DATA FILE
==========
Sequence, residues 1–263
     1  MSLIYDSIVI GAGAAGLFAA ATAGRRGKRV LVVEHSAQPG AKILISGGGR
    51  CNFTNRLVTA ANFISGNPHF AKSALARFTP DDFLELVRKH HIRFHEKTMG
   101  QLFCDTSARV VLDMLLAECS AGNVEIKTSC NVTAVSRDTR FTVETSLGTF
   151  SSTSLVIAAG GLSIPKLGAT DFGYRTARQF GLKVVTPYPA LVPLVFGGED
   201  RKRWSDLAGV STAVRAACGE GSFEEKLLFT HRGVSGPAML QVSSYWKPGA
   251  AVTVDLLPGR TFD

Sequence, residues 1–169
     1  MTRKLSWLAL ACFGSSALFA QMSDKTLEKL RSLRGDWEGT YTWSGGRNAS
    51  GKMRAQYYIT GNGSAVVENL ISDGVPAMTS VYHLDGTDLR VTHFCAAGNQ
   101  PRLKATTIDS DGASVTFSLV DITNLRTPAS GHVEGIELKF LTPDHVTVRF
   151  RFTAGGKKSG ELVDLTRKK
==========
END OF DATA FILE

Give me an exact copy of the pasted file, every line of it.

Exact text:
Sequence, residues 1–263
     1  MSLIYDSIVI GAGAAGLFAA ATAGRRGKRV LVVEHSAQPG AKILISGGGR
    51  CNFTNRLVTA ANFISGNPHF AKSALARFTP DDFLELVRKH HIRFHEKTMG
   101  QLFCDTSARV VLDMLLAECS AGNVEIKTSC NVTAVSRDTR FTVETSLGTF
   151  SSTSLVIAAG GLSIPKLGAT DFGYRTARQF GLKVVTPYPA LVPLVFGGED
   201  RKRWSDLAGV STAVRAACGE GSFEEKLLFT HRGVSGPAML QVSSYWKPGA
   251  AVTVDLLPGR TFD

Sequence, residues 1–169
     1  MTRKLSWLAL ACFGSSALFA QMSDKTLEKL RSLRGDWEGT YTWSGGRNAS
    51  GKMRAQYYIT GNGSAVVENL ISDGVPAMTS VYHLDGTDLR VTHFCAAGNQ
   101  PRLKATTIDS DGASVTFSLV DITNLRTPAS GHVEGIELKF LTPDHVTVRF
   151  RFTAGGKKSG ELVDLTRKK